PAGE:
• SCOTT “ Motivation means a process of stimulating people to action
to accomplish desired way .”
• “ Motivation is the act of stimulating someone or oneself to get a
desired course of action. ”
• There can be positive motivation and negative motivation.
• Positive motivation such as higher pay, power position etc.
• Negative motivation implies the use of penalties, punishments etc.
2. Coaching, Counseling, Training-
Which is which ?
• Training: Structured process to provide knowledge and teach skills .
• Counseling: Problem solving directed at specific issues affecting
• Coaching: An on going process. Enables learning and development.
3. Expectancy Theory and Motivational Skills
• Based on the premise that the amount of effort people expend
depends on how much reward they expect to get in return. Based on
a rational, economic view of people.
• Basic components: VIE theory - Valence (attractiveness of outcome);
Instrumentality (probability that action will lead to preferred reward
or preference to outcome expectancy); Expectancy (probability
assigned by individual that effort will lead to correct performance of
the task, or effort-to-performance expectancy).
4. Expectancy Theory and Motivational Skills
Effort Expectancy Performance Instrumentality Outcome
5. Leadership Skills and behaviors Associated
with VIE Theory:
• Application of skills or behaviors.
1. Determine levels & kinds of performance needed to achieve organization goals.
2. Make the performance level attainable by individuals being motivated.
3. Train and encourage people.
4. Make explicit the link between rewards and performance.
5. Make sure rewards are large enough.
6. Analyze what factors work in opposition to the effectiveness of the reward.
7. Explain the meaning and implication of second-level outcomes.
8. Understand individual differences in valences.
9. Use Pygmalion effect (communicate confidence in better outcome) to increase
10. Ensure that the system is equitable for everyone.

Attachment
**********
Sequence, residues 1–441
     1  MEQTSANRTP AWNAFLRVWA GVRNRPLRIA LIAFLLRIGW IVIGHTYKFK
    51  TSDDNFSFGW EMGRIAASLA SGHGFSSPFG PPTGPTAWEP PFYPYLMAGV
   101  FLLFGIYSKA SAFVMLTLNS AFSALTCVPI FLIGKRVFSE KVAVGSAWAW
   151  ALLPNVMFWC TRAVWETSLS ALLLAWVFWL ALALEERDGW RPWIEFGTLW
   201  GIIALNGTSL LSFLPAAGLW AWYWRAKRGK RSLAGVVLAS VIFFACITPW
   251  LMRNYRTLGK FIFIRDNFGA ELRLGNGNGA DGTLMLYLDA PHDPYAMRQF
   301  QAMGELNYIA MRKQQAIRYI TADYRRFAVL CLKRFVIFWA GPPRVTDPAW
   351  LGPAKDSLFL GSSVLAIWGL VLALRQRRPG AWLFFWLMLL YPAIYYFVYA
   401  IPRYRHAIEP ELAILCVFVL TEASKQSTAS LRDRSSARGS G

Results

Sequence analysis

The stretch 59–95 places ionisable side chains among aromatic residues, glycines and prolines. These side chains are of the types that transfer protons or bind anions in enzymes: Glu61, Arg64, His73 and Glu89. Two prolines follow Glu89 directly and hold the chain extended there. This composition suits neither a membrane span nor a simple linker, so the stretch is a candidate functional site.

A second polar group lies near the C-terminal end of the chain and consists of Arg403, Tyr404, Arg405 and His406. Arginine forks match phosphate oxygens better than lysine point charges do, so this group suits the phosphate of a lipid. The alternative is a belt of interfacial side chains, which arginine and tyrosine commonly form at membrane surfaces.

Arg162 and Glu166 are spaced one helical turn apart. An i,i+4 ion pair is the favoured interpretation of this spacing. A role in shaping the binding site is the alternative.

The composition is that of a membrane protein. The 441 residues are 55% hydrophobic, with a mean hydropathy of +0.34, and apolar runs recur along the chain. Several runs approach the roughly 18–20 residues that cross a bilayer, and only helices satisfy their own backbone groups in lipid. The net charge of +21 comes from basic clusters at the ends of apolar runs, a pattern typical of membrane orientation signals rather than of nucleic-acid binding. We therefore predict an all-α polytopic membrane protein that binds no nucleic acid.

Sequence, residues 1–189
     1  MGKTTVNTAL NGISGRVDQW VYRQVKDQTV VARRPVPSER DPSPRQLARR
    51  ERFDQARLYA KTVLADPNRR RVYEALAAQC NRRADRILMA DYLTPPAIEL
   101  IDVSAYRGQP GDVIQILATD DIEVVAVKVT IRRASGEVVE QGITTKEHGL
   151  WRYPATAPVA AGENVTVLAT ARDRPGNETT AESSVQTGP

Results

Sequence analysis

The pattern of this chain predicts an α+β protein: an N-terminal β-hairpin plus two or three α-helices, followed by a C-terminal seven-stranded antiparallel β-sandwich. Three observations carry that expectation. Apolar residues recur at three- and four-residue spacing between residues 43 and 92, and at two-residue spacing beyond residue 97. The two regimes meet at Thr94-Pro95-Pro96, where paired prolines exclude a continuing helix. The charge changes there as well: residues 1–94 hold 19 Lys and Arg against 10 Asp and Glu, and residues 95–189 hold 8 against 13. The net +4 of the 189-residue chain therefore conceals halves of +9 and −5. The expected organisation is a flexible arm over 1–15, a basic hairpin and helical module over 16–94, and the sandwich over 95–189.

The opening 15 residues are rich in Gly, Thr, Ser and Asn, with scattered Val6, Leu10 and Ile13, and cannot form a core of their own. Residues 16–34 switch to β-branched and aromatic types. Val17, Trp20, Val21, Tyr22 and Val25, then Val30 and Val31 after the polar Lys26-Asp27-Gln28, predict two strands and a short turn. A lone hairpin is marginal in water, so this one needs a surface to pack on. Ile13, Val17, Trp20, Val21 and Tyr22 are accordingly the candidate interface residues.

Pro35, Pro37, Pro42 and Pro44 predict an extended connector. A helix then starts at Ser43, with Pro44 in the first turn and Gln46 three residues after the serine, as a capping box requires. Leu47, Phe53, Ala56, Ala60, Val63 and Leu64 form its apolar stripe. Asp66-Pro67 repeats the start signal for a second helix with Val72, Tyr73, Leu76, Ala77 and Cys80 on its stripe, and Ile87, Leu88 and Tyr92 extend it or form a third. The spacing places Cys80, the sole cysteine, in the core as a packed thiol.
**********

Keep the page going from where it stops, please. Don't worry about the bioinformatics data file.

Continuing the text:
6. Goal-Setting Theory
Premise: Behavior is regulated by values and goals. A goal is what is to be
accomplished; values create within us a desire to behave in a way that is
consistent with them.
• Specific goals lead to higher performance than do generalized goals.
• Performance generally improves in direct proportion to goal
• For goals to improve performance, the group members must accept
• Goals are more effective when they are used to evaluate
• Goals should be linked to feedback and rewards.
• Group goal setting is as important as individual goal setting.
7. Behavioral Modification
• A system of motivation in which an attempt is made to change behavior by
manipulating reward and punishment. Behavior that leads to a positive
consequence tends to be repeated, and that which leads to negative
consequences tends not to be repeated.
• Positive reinforcement rewards right response by increasing the
probability to performance repetition.
• Avoidance motivation (negative reinforcement) rewarding by taking away
an uncomfortable consequence of their behavior.
• Punishment is presentation of an undesirable consequence.
• Extinction is decreasing the frequency of undesirable behavior by removing
the desirable consequence of such behavior.
8. Behavioral Modification
• Rules for the Use of Behavior Modification:
1. Target the desired behavior
2. Choose an appropriate reward or punishment.
3. Supply ample feedback
4. Do not give everyone the same size reward.
5. Find some constructive behavior to reward.
6. Schedule rewards intermittently.
7. Rewards and punishment should follow the behavior closely in time.
8. Change the reward periodically.
9. Coaching Philosophy, Skills and Techniques
• Leaders who deal directly with people are good coaches. A major purpose of coaching is to
achieve enthusiasm and high performance in a team setting.
• To Coach is to:
• Facilitate accomplishment, in the sense of being less discouraging and moving excessive controls
• Enable others to act and build on their strengths.
• Care enough to invest time in building personal relationship with people.
• A paradigm shift from traditional management which focuses on control, order and compliance.
• Focus on uncovering actions that enable people to contribute more fully and productively.
• A dyad.
• Make team members aware of one another’s skills and how these skills can be contribute to
attaining the group’s goals.
10. Coaching Philosophy, Skills and Techniques
1. Communicate clear expectations to group members.
2. Provide specific feedback.
3. Listen attentively.
4. Help remove obstacles.
5. Give emotional support.
6. Reflect feelings.
7. Reflect content or meaning.
8. Give some constructive advice.
9. Allow for modeling of desired performance or behavior.
10. Gain a commitment to change.
11. Coaching Philosophy, Skills and Techniques
Coaching through Difficult Times
View troubled work associates as people going through difficult times,
rather than as difficult people. Four aspects of coaching relationship
can help a group member through troubled times:
1. Validate – show respect.
2. Inquiry – question to understand the nature of the problem.
3. Possibility – belief of individual’s potential to improve.
4. Responsibility – working with the individual to find a creative